Chevy’s landmark response…


Chevrolet Assembly Plants, 1955

Fig. 11
-
13a: In 1955, GM assembled identical Chevrolets at ten final assembly
plants located near major population centers.

Chevrolet Assembly Plants, 2003

Fig. 11
-
13b: In 2003, GM was producing a wider variety of vehicles, and production of
various models was spread through the middle of the country.

Chevrolet Plant Closures

Plant closures for Chevy in the past five years…

1)
Pontiac, Michigan

2)
Wilmington, Delaware

3)
Grand Rapids, Michigan

4)
Indianapolis, Indiana

5)
Mansfield, Ohio





If you were the CEO for GM’s Chevrolet division, what
recommendations would you make to increase sales?



Time
-
Space
Compression

Through improvements
in transportation and
communications
technologies, many
places in the world
are more connected
than ever before.

Time
-
Space Compression


Just
-
in
-
time delivery


rather than keeping a large inventory of
components or products, companies keep just
what they need for short
-
term production and
new parts are shipped quickly when needed.



Global division of labor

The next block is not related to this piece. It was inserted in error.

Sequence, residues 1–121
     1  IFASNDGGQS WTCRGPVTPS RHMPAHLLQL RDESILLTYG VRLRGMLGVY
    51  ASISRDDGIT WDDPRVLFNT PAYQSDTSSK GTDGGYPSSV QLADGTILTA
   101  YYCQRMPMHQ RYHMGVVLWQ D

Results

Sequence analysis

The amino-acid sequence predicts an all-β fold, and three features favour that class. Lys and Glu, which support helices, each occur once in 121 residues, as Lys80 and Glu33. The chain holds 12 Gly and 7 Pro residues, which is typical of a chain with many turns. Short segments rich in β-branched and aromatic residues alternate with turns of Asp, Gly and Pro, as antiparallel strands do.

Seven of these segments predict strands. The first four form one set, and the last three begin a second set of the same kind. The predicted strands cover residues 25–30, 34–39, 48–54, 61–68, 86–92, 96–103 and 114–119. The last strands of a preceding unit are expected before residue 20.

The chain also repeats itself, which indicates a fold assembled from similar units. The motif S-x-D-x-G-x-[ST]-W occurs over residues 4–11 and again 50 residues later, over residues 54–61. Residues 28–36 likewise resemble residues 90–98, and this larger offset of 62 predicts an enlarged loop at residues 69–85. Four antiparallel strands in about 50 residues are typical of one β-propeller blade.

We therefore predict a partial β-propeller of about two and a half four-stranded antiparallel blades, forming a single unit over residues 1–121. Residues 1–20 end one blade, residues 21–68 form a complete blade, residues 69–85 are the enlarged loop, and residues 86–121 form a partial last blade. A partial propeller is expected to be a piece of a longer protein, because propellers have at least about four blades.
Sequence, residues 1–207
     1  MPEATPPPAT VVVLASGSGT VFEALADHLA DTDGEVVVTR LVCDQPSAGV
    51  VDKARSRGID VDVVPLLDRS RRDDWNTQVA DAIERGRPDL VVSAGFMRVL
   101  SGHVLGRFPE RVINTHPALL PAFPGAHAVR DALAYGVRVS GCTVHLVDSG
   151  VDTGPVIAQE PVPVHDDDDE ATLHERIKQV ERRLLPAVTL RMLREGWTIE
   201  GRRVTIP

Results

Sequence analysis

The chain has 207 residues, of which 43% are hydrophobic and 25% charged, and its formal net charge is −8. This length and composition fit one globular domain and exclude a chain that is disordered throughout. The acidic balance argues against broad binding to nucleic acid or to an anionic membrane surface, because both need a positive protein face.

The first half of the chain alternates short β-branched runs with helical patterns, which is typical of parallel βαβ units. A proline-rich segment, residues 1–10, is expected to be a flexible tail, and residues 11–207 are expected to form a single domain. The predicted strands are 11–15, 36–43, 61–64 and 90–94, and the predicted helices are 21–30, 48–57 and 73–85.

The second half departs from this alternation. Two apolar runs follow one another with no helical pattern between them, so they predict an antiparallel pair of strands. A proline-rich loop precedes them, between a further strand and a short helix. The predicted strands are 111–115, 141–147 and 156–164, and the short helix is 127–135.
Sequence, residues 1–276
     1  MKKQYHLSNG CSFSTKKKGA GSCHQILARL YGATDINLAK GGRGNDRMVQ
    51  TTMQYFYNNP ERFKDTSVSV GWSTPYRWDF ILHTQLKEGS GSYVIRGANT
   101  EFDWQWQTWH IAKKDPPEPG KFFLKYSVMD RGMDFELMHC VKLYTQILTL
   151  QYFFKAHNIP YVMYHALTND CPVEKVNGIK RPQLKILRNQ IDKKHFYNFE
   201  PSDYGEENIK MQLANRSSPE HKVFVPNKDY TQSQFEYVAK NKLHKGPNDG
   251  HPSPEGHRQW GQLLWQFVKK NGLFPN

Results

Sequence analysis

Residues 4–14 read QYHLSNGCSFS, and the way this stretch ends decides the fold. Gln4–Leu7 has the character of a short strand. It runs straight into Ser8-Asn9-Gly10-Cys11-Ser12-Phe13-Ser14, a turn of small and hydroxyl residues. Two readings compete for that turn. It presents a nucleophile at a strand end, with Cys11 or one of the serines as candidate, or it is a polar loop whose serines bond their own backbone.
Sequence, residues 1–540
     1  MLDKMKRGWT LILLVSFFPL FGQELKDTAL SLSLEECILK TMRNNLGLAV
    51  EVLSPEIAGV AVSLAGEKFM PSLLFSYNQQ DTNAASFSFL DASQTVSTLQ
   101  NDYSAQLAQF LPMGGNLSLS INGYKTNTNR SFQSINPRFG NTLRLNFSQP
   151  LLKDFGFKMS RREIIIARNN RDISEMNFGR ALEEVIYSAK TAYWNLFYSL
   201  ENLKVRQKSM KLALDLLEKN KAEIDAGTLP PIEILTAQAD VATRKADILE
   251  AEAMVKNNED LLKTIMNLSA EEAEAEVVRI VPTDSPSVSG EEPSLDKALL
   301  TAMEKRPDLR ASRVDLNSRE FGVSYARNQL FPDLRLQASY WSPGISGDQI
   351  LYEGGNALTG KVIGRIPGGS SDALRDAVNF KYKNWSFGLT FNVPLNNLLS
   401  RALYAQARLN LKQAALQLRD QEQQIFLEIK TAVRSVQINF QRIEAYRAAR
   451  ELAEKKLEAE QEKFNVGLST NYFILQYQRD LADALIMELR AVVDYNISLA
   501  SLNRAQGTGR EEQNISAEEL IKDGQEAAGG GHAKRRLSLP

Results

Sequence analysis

corporations can draw from labor around the
globe for different components of production.

Production of Televisions


Three key elements in television production:


Research and design


Manufacturing components


Assembly



Production of televisions has shifted across
the world over time.


New Influences on the

Geography of Manufacturing


Transportation on industrial location


Development of infrastructure: containers, refrigeration


Intermodal connections


Regional and global trade agreements


NAFTA, EU


WTO: ~150 countries, promotes free trade to eliminate
quotas


Proximity to Energy sources in industrial location less
important


Pipelines and tankers deliver fuel to far away places


2.5 million miles of pipelines in NA


Where are the Major

Industrial Belts in the

World Today and Why?

Key Question:

Deindustrialization




a process by which companies move industrial jobs to other
regions with cheaper labor, leaving the newly deindustrialized
region to switch to a service economy and work through a
period of high unemployment.

Abandoned street in Liverpool,
England, where the population
has decreased by one
-
third since
deindustrialization

The former Gautier rolling mills
of Bethlehem Steel Corp. in
Johnstown, PA

Newly Industrialized


East Asia


South East Asia






Also known as the Pacific Rim.

Newly Industrialized

China


major industrial growth after 1950



1. Industrialization in the 1960s was state
-
planned:



-
Northeast district



-
Shanghai and Chang district


2. Today, industrialization is spurred by companies that move
production (not the whole company) to



-
take advantage of Chinese labor



-
special economic zones (SEZs).




ex: Shenzhen


As China’s economy
continues to grow, old
neighborhoods (right)
are destroyed to make